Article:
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BROOKLYN-NEW YORK, N. Y.: A. N. BELL.

1901

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Entered according to Act of Congress, A. D. 1901, by A. N. BELL, in the office

of the Librarian of Congress, at Washington.

CATALOGUES
JUN 22 1903

E. H. B

7233

THE SANITARIAN.

JULY, 1901.

NUMBER 380.

INSECTS AS DISSEMINATORS OF DISEASE.*

By CH. WARDELL STILES, Ph. D., Washington, D. C.,
Zoologist Uniied States Bureau of Animal Industry.

It is sometimes charged that scientists make public too many facts concerning microbes, and that, at the present rate, the laity will soon either become disgusted with hygienic research or will come to the belief that death lurks in everything we eat, drink, touch, or breathe.

That wild hygienic theories and speculations have at times been launched upon the public cannot be denied, and some men have undoubtedly laid themselves open to censure by rushing into print with unjustified conclusions based upon scientific dreams. Let us recall, however, ihat until the cause and method of dissemination of a given disease are known, the hygienist whose duty it is to guard against that malady must take into consideration all imaginable possibilities. When, on the other hand, the cause and source are once matters of positive knowledge, effort may be intelligently concentrated, and the preventive measure given a definite direction.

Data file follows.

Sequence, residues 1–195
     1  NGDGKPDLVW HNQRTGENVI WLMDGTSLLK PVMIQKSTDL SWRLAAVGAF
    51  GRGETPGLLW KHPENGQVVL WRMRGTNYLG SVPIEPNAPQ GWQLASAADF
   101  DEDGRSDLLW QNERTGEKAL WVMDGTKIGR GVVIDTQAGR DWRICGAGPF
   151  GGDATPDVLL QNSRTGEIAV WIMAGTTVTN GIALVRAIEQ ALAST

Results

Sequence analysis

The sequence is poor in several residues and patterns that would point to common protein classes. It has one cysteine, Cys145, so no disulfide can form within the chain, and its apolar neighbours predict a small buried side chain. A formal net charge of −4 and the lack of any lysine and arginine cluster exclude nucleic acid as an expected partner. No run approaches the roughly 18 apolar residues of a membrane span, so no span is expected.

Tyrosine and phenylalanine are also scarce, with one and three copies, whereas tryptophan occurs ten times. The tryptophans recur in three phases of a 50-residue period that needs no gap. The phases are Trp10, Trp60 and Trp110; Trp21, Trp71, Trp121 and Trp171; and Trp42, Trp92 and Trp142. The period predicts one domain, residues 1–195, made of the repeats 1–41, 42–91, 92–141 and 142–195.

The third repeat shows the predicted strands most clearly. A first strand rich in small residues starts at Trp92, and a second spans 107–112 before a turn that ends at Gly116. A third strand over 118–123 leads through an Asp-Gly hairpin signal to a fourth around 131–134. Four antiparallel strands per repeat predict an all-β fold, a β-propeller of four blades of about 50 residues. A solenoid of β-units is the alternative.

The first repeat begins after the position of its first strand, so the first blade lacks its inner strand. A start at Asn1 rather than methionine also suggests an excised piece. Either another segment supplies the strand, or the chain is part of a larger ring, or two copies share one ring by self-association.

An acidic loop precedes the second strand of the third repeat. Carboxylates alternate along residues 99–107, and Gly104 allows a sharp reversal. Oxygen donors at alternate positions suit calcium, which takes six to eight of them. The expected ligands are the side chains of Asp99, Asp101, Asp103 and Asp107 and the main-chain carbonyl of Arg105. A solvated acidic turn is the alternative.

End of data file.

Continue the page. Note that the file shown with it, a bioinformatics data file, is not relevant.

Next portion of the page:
The case is much the same as in inilitary operations. If you know, either from information obtained by your scouts or from a technical military or geographic knowledge, that your enemy must take a certain route, your plan of campaign is much easier than if the opposing force may arrive by any one of twenty different roads.